Motion: Demurrer to Second Amended Complaint. Moving Party Geoffrey Tackeny, Jennifer Tackeny and GMT Real Estate. Responding Party Plaintiffs Edwin Garrovillas and Katrina Apdan.
Ruling: The demurrer by defendants Geoffrey Tackeny, Jennifer Tackeny and GMT Real Estate is sustained with 15 days’ leave to amend as to the Second Cause of Action for Fraudulent Concealment, Fifth Cause of Action for Fraud and Sixth Cause of Action for Negligent Misrepresentation of the Second Amended Complaint.
The unopposed Request for Judicial Notice by the moving defendants is granted.
Second Cause of Action for Fraudulent Concealment, Fifth Cause of Action for Fraud and Sixth Cause of Action for Negligent Misrepresentation: “’In California, fraud must be pled specifically; general and conclusory allegations do not suffice.’ . . . Thus, a plaintiff must plead facts which show how, when, where, to whom, and by what means the representations were made.” Lazar v. Superior Court (1996) 12 Cal.4th 631, 645.
Plaintiffs failed again to comply with the above pleading requirements. The causes of action must allege specific conduct attributed to Defendants Geoffrey Tackeny, Jennifer Tackeny and GMT Real Estate.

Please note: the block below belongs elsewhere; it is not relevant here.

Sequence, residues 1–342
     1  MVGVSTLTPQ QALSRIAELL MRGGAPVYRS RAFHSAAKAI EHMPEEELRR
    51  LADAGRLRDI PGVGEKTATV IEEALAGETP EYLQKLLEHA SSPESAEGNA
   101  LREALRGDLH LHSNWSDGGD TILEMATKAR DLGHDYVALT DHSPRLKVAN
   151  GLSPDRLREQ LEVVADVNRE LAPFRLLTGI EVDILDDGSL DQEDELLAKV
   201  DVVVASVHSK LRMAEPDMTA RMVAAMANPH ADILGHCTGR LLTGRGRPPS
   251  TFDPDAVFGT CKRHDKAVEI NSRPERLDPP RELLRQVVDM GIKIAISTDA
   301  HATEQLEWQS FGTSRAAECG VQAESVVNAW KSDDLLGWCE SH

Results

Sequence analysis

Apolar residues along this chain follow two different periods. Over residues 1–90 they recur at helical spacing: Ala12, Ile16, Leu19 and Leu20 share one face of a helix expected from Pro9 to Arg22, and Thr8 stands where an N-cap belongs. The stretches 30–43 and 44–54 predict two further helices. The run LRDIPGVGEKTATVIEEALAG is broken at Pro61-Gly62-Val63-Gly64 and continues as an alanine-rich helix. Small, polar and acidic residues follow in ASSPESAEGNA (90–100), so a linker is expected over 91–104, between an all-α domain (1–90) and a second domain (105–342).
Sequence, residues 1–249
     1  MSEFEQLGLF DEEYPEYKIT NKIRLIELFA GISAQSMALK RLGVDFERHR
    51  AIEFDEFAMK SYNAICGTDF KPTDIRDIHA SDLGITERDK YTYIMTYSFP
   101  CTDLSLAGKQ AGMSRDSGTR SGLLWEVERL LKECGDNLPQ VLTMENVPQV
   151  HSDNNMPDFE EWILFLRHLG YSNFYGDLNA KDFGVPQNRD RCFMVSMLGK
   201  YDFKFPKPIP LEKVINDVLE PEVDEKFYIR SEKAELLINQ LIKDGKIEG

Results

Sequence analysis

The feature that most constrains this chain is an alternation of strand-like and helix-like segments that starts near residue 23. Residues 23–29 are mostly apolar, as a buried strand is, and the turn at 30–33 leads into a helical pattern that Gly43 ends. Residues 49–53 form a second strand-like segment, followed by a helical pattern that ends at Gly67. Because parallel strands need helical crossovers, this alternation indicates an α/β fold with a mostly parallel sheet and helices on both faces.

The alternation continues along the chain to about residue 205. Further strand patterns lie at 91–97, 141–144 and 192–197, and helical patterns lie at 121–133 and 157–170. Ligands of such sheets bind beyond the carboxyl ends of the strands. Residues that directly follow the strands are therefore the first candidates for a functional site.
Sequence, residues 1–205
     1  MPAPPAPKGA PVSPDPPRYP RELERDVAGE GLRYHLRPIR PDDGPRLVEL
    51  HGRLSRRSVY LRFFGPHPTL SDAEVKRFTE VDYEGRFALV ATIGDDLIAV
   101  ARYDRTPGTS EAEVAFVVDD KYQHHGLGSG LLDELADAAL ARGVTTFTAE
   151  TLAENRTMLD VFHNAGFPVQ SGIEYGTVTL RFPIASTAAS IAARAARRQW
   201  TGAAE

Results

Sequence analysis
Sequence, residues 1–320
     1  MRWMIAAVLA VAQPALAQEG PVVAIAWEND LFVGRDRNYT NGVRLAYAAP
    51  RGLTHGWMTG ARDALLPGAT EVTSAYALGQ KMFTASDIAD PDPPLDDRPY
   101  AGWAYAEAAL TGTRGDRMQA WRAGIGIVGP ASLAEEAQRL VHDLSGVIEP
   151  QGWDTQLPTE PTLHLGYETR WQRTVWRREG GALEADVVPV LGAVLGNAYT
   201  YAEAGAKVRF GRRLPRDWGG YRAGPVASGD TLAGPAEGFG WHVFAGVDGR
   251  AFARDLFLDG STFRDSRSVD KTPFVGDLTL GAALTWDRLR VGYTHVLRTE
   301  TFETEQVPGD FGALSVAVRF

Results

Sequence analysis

Third Cause of Action for Violation of Civ. Code § 1102 and Fourth Cause of Action for Violation of Civ. Code § 2079: Plaintiffs allege that the moving defendants wrongfully failed to disclose defects in the property prior to the purchase of said property. However, the Real Estate Transfer Disclosure Statement provided to Plaintiffs prior to the close of escrow included statements of defects in the home, i.e., “some rooms not permitted.” SAC, Ex B
Plaintiffs also retained an individual and a home inspection company that conducted an inspection of the property, with their report completed on 12-29-13. SAC, ¶¶ 27, 28; Ex C Finally, two weeks prior to the close of escrow, plaintiffs did a walk-through of the property with the moving defendants and became aware of problems with structures on the property. SAC, ¶¶ 30-32
“[A] seller’s agent has no affirmative duty to disclose latent defects unless the agent ‘also knows that such facts are not known to, or within the reach of the diligent attention and observation of the buyer.’” Peake vs. Underwood (2014) 227 Cal.App.4th 428, 445